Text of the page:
She must have been very stupid when she took it into her head to be jealous of Mr Traffick’s attention to her cousin; stupid, at any rate, when she thought that her cousin was laying out feminine lures for Mr Traffick. Poor Ayala! We shall see much of her in these pages, and it may be well to declare of her at once that her ideas at this moment about men — or rather about a possible man — were confined altogether to the abstract. She had floating in her young mind some fancies as to the beauty of love. That there should be a hero must of course be necessary. But in her day-dreams this hero was almost celestial — or, at least, athereal. It was a concentration of poetic perfection to which there was not as yet any appanage of apparel, of features, or of wealth. It was a something out of heaven which should think it well to spend his whole time in adoring her and making her more blessed than had ever yet been a woman upon the earth. Then her first approach to a mundane feeling had been her acknowledgment to herself that Isadore Hamel would do as a lover for Lucy. Isadore Hamel was certainly very handsome — was possessed of infinite good gifts; but even he would by no means have come up to her requirements for her own hero. That hero must have wings tinged with azure, whereas Hamel had a not much more aetherealised than ordinary coat and waistcoat. She knew that heroes with azure wings were not existent save in the imagination, and, as she desired a real lover for Lucy, Hamel would do. But for herself her imagination was too valuable then to allow her to put her foot upon earth. Such as she was, must not Augusta have been very stupid to have thought that Ayala should become fond of her Mr Traffick!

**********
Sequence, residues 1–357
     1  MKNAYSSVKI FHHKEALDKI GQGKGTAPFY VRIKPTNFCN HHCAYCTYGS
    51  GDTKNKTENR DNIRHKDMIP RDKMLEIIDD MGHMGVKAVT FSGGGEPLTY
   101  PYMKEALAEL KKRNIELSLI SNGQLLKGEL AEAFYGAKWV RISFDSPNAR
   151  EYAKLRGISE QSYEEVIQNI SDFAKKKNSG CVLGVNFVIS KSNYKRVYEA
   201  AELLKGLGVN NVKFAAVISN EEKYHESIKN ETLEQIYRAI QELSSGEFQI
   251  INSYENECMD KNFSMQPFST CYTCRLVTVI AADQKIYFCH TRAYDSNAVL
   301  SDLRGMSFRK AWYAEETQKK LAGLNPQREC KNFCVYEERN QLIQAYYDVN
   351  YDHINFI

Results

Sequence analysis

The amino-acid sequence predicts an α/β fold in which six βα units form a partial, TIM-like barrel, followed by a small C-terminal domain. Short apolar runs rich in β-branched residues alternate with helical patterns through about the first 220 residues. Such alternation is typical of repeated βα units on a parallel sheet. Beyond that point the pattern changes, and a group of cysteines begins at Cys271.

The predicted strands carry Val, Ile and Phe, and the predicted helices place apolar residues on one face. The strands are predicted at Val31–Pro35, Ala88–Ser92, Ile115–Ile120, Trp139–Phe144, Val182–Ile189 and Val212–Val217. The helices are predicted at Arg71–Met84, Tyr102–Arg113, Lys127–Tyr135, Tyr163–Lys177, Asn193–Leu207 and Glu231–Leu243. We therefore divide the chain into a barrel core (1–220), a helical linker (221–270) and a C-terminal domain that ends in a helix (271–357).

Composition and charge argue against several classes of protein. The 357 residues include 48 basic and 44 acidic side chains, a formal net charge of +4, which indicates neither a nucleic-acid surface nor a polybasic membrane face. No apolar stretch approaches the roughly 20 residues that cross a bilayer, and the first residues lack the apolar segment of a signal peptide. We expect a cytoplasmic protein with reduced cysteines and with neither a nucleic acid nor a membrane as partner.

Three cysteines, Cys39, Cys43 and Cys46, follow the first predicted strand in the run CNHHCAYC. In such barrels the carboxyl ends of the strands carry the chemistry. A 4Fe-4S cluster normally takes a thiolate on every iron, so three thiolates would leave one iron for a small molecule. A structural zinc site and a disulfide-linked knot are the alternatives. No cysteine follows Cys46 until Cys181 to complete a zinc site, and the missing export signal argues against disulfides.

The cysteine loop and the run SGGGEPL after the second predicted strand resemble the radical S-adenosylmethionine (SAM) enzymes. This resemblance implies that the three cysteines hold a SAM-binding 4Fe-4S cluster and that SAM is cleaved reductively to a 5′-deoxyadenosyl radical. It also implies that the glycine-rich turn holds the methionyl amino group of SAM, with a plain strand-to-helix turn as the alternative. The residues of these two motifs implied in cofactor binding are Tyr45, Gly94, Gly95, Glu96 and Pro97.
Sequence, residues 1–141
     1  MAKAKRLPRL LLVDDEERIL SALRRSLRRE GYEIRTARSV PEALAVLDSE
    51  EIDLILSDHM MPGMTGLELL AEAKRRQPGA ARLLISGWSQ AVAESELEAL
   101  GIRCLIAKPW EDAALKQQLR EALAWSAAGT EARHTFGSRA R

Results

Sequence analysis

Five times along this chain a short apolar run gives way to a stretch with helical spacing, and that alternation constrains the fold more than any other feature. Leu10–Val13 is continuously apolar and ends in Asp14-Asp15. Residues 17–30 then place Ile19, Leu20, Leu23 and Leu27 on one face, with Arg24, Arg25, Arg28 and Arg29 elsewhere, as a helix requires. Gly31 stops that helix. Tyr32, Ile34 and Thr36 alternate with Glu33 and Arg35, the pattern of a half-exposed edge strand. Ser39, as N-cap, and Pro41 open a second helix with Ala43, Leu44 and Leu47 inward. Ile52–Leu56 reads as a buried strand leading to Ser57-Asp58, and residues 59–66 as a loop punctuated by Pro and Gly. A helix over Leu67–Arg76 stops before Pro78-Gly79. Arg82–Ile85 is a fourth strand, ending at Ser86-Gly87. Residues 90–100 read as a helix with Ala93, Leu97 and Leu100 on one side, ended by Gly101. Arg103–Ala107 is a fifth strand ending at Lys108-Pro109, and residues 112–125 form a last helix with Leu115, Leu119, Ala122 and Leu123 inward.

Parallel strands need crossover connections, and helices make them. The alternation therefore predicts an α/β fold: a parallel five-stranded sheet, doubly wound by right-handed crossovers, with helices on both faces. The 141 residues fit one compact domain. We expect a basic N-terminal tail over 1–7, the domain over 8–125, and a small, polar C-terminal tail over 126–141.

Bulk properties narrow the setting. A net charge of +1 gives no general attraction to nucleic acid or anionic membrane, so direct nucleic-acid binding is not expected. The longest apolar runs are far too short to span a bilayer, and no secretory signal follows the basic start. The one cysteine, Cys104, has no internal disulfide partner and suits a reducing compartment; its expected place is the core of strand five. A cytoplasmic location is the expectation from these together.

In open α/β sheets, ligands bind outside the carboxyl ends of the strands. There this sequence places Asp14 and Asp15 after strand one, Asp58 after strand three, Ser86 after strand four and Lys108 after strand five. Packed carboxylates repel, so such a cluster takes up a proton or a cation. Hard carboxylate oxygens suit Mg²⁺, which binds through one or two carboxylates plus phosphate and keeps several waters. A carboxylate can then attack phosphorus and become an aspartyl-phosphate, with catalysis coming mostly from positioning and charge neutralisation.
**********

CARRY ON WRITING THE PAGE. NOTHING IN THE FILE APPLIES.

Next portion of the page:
Her cousin Tom had come to her, and had been to her as a Newfoundland dog is when he jumps all over you just when he has come out of a horse-pond. She would have liked Tom had he kept his dog-like gambols at a proper distance. But when he would cover her with muddy water he was abominable. But this Augusta had not understood. With Mr Traffick there would be no dog-like gambols; and, as he was not harsh to her, Ayala liked him. She had liked her uncle. Such men were, to her thinking, more like dogs than lovers. She sang when Mr Traffick asked her, and made a picture for him, and went with him to the Coliseum, and laughed at him about Supply and Demand. She was very pretty, and perhaps Mr Traffick did like to look at her.